What causes cavities? – Mel Rosenberg

When a team of archaeologists
recently came across some 15,000 year-old human remains, they made an interesting discovery. The teeth of those ancient humans
were riddled with holes. Their cavities were caused by the same
thing that still plagues us today, specific tiny microbes
that live in our mouths. These microbes are with us
soon after birth. We typically pick them up as babies
from our mothers’ mouths. And as our teeth erupt, they naturally begin to accumulate
communities of bacteria. Depending on what we eat, and specifically how much sugar
we consume, certain microbes can overpopulate
and cause cavities. Diets high in sugary foods cause
an explosion of bacteria called mutans streptococci
in our mouths. Like humans, these microorganisms
love sugar, using it as a molecular building block
and energy source. As they consume it, the bacteria generate byproducts
in the form of acids, such as lactic acid. Mutans streptococci are resistant
to this acid, but unfortunately, our teeth aren’t. While each human tooth is coated
in a hardy, protective layer of enamel, it’s no match for acid. That degrades the armor over time,
leaching away its calcium minerals. Gradually, acid wears down a pathway
for bacteria into the tooth’s secondary layer
called the dentin. Since blood vessels and nerves
in our teeth are enclosed deep within, at this stage, the expanding cavity
doesn’t hurt. But if the damage extends
beyond the dentin, the bacterial invasion progresses causing excruciating pain
as the nerves become exposed. Without treatment, the whole tooth
may become infected and require removal all due to those sugar-loving bacteria. The more sugar our food contains, the more our teeth are put at risk. Those cavemen would hardly
have indulged in sugary treats, however, so what caused their cavities? In meat-heavy diets, there would have
been a low-risk of cavities developing because lean meat
contains very little sugar, but that’s not all our early human
ancestors ate. Cavemen would also have consumed
root vegetables, nuts, and grains, all of which contain carbohydrates. When exposed to enzymes in the saliva, carbohydrates get broken down
into simpler sugars, which can become the fodder
for those ravenous mouth bacteria. So while ancient humans did eat
less sugar compared to us, their teeth were still exposed to sugars. That doesn’t mean they were unable
to treat their cavities, though. Archaeological remains show that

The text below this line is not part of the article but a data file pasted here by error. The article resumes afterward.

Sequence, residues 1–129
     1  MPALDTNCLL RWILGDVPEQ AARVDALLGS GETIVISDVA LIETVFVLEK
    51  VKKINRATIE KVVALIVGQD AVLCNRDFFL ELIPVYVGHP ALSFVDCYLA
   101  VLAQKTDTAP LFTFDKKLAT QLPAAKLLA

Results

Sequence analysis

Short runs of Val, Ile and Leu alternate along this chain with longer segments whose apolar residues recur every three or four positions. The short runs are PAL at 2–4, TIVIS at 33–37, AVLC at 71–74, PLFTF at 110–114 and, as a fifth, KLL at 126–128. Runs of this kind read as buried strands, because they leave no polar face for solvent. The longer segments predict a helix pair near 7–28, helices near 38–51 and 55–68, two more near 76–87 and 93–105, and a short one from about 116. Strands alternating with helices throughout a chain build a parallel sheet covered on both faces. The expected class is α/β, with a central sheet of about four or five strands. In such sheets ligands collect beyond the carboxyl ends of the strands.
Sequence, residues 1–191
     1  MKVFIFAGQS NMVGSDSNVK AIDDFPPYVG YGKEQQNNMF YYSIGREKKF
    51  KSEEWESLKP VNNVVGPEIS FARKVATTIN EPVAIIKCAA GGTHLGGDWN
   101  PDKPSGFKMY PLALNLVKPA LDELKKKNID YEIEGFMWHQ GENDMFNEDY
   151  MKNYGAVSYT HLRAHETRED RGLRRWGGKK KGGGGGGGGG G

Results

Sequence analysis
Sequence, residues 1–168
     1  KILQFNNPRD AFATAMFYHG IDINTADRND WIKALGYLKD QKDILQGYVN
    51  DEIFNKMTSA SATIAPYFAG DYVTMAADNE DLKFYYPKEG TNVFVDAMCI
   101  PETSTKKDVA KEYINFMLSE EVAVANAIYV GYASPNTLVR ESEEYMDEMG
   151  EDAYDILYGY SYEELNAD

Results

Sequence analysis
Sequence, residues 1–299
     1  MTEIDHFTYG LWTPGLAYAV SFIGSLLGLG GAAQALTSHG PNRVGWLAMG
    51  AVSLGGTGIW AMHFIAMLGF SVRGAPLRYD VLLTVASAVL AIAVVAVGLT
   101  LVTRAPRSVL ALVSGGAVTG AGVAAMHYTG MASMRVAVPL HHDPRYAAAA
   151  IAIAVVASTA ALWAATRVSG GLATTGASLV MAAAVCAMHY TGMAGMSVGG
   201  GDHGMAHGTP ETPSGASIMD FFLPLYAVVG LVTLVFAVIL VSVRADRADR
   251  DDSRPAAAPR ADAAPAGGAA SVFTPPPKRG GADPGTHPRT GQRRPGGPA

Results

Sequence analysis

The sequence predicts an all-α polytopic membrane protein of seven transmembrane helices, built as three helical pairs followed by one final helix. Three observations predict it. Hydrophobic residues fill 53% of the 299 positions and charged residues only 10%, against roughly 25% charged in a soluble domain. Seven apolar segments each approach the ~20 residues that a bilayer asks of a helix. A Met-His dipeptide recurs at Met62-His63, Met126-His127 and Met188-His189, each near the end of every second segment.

about 14,000 years ago, humans were already using sharpened flint
to remove bits of rotten teeth. Ancient humans even made
rudimentary drills to smooth out the rough holes left behind and beeswax to plug cavities,
like modern-day fillings. Today, we have much more sophisticated
techniques and tools, which is fortunate because we also need
to contend with our more damaging, sugar-guzzling ways. After the Industrial Revolution,
the human incidence of cavities surged because suddenly
we had technological advances that made refined sugar cheaper
and accessible. Today, an incredible 92% of American
adults have had cavities in their teeth. Some people are more susceptible
to cavities due to genes that may cause certain weaknesses,
like softer enamel, but for most, high sugar consumption
is to blame. However, we have developed other ways
of minimizing cavities besides reducing our intake of sugar
and starch. In most toothpastes
and many water supplies, we use tiny amounts of fluoride. That strengthens teeth and encourages
the growth of enamel crystals that build up a tooth’s defenses
against acid. When cavities do develop, we use tooth fillings to fill
and close off the infected area, preventing them from getting worse. The best way to avoid a cavity
is still cutting down on sugar intake and practicing good oral hygiene to get rid of the bacteria
and their food sources. That includes regular tooth brushing, flossing, and avoiding sugary, starchy, and sticky foods that cling to your teeth
between meals. Gradually, the population of sugar-loving
microbes in your mouth will decline. Unlike the cavemen of yesteryear, today we have the knowledge required
to avert a cavity calamity. We just need to use it.

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